Understanding the symptoms of IBS
Irritable bowel syndrome (IBS) represents a challenge for medical science, because it doesn’t fit any of the recognised types of disease. It isn’t a broken part. It isn’t an infection. It isn’t inflammation. It isn’t a missing chemical, and so on. However, IBS is not the only condition that provides this challenge. The same applies to chronic fatigue (CFS/ME) and fibromyalgia syndrome (FMS). IBS, CFS/ME and FMS as well of a lot of other syndromes (e.g., repetitive strain injury) are all swept up into a general category that is labelled ‘functional disorders’. Functional disorders should be translated as ‘there is clearly something going wrong but we haven’t the faintest idea what it is’.
I have been working on the hypothesis that IBS and the other functional disorders might be an entirely new type of disease, which is different from those that have been identified before. I have used complexity theory to suggest that IBS isn’t just in the gut – or just in the brain. It is distributed over the whole body and involves the brain, the immune system, the hormonal system as well the gut. This is a new idea, but it is consistent with some facts that have already been established. For example, we know that the gut has more nerves than the spinal cord and is sometimes referred to as ‘the second brain’. We know that the gut is a major site for immune learning. Quite simply, the gut is not just there for digestion. It does a lot more besides. We also know that many biological abnormalities are found in IBS, but they are not unique to IBS and they are also found in people who have experienced chronic stress – as well as people who have CFS/ME.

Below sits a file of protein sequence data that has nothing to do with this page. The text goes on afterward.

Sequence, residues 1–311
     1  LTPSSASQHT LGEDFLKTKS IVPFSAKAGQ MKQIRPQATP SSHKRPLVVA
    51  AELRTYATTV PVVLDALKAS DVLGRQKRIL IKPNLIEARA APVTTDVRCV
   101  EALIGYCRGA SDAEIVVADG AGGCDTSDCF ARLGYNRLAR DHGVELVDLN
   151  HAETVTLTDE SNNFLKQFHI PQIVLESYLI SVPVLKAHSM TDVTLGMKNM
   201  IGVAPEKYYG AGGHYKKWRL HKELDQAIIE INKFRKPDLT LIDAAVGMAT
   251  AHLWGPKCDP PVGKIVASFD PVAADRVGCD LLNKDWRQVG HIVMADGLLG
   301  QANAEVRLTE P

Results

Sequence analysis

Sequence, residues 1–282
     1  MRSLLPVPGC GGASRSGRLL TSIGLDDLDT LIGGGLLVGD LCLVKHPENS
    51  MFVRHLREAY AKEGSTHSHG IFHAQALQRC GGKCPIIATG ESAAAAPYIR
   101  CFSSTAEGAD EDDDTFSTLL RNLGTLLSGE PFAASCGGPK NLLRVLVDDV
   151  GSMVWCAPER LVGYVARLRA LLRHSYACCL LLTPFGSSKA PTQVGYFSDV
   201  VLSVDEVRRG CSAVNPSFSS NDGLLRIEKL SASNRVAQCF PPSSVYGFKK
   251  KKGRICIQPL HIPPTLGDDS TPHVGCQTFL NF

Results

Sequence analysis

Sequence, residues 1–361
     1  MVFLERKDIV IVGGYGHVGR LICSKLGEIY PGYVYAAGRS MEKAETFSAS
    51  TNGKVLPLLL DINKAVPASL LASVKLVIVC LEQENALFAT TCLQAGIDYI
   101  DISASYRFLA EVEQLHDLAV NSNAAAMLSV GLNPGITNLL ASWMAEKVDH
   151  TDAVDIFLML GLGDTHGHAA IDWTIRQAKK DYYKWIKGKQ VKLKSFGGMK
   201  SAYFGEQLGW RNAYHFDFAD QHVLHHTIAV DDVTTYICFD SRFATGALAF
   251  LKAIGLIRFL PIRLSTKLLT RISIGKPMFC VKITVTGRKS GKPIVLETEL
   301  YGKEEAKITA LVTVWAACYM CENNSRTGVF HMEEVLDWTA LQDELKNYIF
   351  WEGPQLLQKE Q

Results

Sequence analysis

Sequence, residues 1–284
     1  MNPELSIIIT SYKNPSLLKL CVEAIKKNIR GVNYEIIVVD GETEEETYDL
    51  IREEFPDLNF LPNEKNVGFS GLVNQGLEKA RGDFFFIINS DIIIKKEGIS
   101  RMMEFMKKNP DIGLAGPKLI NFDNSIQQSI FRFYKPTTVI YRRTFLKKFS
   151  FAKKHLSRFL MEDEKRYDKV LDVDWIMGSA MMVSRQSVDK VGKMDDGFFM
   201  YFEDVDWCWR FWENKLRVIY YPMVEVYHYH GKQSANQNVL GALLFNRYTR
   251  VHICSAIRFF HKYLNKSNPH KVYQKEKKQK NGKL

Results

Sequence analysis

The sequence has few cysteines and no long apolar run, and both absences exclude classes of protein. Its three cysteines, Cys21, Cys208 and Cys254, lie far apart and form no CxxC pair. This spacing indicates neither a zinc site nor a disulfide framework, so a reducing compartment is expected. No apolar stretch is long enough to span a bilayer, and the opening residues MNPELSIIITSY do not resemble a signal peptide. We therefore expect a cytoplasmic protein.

If my theory is correct, IBS and other functional disorders should be considered overlapping forms of dysregulation of the whole body. A computer analogy would be to consider IBS a software problem, rather than a hardware problem. The theory leads to the prediction that there is considerable overlap between the symptoms of IBS, CFS/ME and FMS. In fact we already know that this overlap exists, but it hasn’t been investigated thoroughly.
Would you be able to help me with my research? I would like to find out in detail about the symptoms experienced by people with IBS, and I need to find this out from as many people as possible. I have devised a special questionnaire that covers a wide range of symptoms of people who have IBS, CFS/ME or FMS. I am also asking people with CFS/ME and FMS to complete the same questionnaire. The questionnaire is anonymous and can be completed online. It can be found at